The U.S. Secret Service arrested dozens of protesters outside the White House this week on charges of unlawful entry. The immediate aim of the demonstration, organized by the progressive Jewish group IfNotNow, was to “shut down the White House.” Their ultimate goal: Pressuring President Joe Biden into supporting an Israeli cease-fire.
The White House has repeatedly rejected those calls.
“How dare he send offensive weaponry to that government right now,” Eva Borgwardt, the group’s political director, said of Biden’s decision to provide military aid to Israeli President Benjamin Netanyahu’s administration in the wake of a Hamas attack that killed more than 1,300 Israelis and at least 30 Americans.
She told the crowd that Netanyahu’s administration was “fascist.” She yelled into a microphone that resupplying Israel “to carry out what they’ve explicitly stated is genocidal intent, is unfathomably unacceptable.”
Borgwardt also served as a field organizer for the Arizona Democratic Party to elect Biden in 2020.
The demonstration was ultimately unsuccessful, and the president traveled on Wednesday to Tel Aviv, where he embraced Netanyahu on the tarmac in a show of continued solidarity. IfNotNow, meanwhile, organized a second demonstration, this one inside the Cannon House Office Building, which was also widely covered by the press and where even more protesters were arrested.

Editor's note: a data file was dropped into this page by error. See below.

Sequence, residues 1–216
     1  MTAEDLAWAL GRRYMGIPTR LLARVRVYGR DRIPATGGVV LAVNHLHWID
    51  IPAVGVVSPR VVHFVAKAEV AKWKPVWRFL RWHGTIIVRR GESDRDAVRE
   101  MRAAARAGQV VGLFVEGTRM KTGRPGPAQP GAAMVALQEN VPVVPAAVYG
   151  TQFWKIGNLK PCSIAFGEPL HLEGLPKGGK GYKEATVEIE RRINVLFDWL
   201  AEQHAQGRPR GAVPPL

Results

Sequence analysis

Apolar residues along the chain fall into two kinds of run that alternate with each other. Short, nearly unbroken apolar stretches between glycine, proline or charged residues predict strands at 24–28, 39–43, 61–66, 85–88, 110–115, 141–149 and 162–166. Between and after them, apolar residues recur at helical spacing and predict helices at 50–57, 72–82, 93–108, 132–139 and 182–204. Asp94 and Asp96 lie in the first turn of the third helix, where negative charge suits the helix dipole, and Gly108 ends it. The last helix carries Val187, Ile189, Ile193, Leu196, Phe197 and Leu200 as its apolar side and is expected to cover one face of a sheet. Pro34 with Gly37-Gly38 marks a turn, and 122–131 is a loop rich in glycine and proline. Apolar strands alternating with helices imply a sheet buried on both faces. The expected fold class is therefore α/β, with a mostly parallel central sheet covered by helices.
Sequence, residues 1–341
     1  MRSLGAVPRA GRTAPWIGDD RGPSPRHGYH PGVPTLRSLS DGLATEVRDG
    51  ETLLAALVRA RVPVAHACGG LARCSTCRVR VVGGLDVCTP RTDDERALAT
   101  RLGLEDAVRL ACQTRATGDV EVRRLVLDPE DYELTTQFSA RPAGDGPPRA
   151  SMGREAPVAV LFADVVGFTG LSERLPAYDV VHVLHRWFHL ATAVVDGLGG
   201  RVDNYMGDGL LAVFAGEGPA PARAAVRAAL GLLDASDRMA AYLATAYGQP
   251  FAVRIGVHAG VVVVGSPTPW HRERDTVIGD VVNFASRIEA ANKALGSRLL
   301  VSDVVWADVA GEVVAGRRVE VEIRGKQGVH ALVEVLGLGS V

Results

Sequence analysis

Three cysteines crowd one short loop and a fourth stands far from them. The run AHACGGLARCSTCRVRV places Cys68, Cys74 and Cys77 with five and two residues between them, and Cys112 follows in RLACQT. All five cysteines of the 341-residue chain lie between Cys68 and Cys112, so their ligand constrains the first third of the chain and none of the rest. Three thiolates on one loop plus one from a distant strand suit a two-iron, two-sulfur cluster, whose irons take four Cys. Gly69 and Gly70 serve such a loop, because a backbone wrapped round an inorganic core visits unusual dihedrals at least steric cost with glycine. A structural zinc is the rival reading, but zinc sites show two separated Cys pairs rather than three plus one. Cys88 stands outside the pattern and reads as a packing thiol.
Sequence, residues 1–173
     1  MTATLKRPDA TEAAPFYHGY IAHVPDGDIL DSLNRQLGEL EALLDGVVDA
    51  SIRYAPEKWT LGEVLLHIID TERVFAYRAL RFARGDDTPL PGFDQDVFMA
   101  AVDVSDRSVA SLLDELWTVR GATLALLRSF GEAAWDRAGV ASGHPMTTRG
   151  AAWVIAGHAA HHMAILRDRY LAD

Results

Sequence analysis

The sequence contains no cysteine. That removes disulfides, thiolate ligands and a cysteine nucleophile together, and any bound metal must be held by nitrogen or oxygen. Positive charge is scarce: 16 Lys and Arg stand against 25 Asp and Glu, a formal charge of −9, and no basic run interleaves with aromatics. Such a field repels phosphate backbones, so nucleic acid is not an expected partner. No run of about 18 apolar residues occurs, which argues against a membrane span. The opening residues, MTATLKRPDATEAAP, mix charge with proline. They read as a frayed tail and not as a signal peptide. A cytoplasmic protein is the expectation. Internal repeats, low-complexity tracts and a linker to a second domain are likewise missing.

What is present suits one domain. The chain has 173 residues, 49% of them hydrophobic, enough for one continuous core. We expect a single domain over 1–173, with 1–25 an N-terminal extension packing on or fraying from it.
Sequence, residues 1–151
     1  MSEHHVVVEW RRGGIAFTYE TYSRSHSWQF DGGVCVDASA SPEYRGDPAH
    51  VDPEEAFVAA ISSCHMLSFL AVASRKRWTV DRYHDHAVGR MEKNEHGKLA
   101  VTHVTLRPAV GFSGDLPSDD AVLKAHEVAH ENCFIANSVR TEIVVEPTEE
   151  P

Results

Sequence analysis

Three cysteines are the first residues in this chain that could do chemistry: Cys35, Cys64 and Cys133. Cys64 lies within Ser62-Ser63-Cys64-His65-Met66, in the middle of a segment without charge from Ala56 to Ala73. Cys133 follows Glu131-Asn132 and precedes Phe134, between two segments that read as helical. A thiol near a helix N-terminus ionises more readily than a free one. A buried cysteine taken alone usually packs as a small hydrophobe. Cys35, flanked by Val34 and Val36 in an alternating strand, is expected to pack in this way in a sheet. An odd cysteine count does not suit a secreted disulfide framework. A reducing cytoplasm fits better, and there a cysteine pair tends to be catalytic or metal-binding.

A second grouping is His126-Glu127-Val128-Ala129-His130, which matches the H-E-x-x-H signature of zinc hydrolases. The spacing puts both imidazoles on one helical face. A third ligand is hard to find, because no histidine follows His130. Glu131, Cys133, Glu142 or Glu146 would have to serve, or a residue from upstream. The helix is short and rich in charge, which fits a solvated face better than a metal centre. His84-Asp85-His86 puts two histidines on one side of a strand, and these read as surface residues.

But while the president has earned bipartisan praise for his support of Israel, there is a creeping anger on the Left at Biden for abetting the alleged mistreatment of Palestinians. Even before the Hamas attacks, Israel was being condemned as “an apartheid state” by progressive Democrats, including by some who now serve within the president’s administration.
The Washington Post reported in May 2021 that more than 500 Biden campaign and Democratic Party staffers signed a public letter calling on Biden to do more to protect Palestinian human rights. It was co-authored by Borgwardt. And, as The Post noted at the time, it was co-signed by staffers who worked in Biden campaign headquarters, at the Democratic National Committee, and in 22 states.
The staffers asked the president to address “underlying conditions of occupation, blockade, and settlement expansion that led to this exceptionally destructive period” and included a list of specific demands. Among those demands: Ensure that foreign aid from the United States “no longer funds the imprisonment and torture of Palestinian children, theft and demolition of Palestinian homes and property, and annexation of Palestinian land.”
RealClearPolitics found that at least nine of the co-signers now work across the administration in posts from the Department of Energy to the Department of Agriculture, often in low- to mid-level positions. Some of the co-signers work on the White House campus, including one in the Office of Management and Budget, which will administer foreign aid to Israel, as well as a senior associate director for presidential boards and commissions.